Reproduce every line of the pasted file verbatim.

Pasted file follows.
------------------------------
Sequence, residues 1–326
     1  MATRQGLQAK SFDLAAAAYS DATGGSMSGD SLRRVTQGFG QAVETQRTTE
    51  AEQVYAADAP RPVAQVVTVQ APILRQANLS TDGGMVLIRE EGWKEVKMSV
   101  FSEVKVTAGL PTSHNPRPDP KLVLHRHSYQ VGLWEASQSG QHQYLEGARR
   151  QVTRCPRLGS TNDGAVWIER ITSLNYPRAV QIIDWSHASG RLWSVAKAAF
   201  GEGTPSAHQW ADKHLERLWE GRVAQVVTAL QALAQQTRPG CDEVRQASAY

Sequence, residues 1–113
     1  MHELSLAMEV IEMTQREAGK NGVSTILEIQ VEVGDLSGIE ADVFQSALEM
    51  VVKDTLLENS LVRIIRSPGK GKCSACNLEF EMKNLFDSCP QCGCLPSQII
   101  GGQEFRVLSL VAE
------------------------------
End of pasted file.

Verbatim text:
Sequence, residues 1–326
     1  MATRQGLQAK SFDLAAAAYS DATGGSMSGD SLRRVTQGFG QAVETQRTTE
    51  AEQVYAADAP RPVAQVVTVQ APILRQANLS TDGGMVLIRE EGWKEVKMSV
   101  FSEVKVTAGL PTSHNPRPDP KLVLHRHSYQ VGLWEASQSG QHQYLEGARR
   151  QVTRCPRLGS TNDGAVWIER ITSLNYPRAV QIIDWSHASG RLWSVAKAAF
   201  GEGTPSAHQW ADKHLERLWE GRVAQVVTAL QALAQQTRPG CDEVRQASAY

Sequence, residues 1–113
     1  MHELSLAMEV IEMTQREAGK NGVSTILEIQ VEVGDLSGIE ADVFQSALEM
    51  VVKDTLLENS LVRIIRSPGK GKCSACNLEF EMKNLFDSCP QCGCLPSQII
   101  GGQEFRVLSL VAE